Hewitt champing at the bit

Former World Number One Lleyton Hewitt, expected to compete in his final Australian Open next month, has put as much preparation in this year's tournament as he did when he first turned professional almost two decades ago.

The two-time grand slam singles champion has never won at Melbourne Park – his best achievement was a place in the 2005 final, where he lost to number four seed Marat Safin. His fortunes are unlikely to change in 2016, and just making it to the second week of the tournament will be an enormous undertaking.

However, as has been the case with Hewitt throughout his career, the Australian will not be found wanting on effort and commitment. His preparations for next year's tournament date as far back as November 2015 and his fitness team confirms that it has been gruelling.

"In terms of endurance and durability playing professional sport at the highest level for 20 years, there wouldn't be many athletes who could match it with Lleyton for intensity on a day-to-day basis," fitness trainer Nathan Martin told Australian journalists this week.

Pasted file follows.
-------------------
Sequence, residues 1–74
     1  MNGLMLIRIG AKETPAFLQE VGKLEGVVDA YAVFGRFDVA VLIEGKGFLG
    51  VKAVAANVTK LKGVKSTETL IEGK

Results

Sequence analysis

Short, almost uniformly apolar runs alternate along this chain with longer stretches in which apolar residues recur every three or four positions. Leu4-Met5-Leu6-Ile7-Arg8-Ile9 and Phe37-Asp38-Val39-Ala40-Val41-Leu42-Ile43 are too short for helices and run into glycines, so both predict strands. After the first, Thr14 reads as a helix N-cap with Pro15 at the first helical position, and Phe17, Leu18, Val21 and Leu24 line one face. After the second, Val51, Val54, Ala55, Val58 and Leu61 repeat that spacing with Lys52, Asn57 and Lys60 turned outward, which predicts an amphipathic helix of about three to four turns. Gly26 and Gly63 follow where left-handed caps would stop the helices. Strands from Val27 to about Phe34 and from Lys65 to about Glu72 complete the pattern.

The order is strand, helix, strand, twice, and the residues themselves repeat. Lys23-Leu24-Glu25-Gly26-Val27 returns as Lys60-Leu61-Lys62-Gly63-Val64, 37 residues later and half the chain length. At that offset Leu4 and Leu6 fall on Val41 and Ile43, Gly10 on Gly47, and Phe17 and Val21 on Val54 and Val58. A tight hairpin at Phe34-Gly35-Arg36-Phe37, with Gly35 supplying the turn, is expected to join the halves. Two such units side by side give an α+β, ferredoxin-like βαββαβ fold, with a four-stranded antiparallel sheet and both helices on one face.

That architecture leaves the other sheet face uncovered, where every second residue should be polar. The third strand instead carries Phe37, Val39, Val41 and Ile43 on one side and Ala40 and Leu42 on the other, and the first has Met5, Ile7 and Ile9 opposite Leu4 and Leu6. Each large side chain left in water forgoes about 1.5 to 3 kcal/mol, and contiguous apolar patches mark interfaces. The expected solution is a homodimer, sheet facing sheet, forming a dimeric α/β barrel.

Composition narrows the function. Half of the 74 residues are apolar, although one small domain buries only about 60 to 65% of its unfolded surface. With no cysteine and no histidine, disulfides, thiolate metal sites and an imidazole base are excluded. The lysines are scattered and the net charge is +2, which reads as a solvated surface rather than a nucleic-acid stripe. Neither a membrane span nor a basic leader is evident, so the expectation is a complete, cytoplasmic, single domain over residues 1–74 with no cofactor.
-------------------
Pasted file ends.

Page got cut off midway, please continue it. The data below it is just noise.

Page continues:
"He never gets sore. He turns up every day with the same energy and commitment. His body composition and genetics, he's just blessed."

Martin said that when Hewitt does call it a day, the one thing he will always be remembered for is the physical commitment.

"For sheer volume of training and kilometres on court, only (Jimmy) Connors could compare – but even still he wasn't number one in the world at 20," added Martin.

For Hewitt and the Australian tennis fraternity, expectations are always high at this time of the season. The 2016 campaign will be no different. However, Hewitt's team is well aware of how significant a role the draw can play in a player's grand slam campaign.

"Obviously how he goes will depend a lot on the draw," explained Martin.

Regardless of who his opponents will be in the first round, Hewitt is still expected to carry himself with distinction.

"The only thing I know is that you'll have to drag him off the court. He won't lose. You'll have to beat him."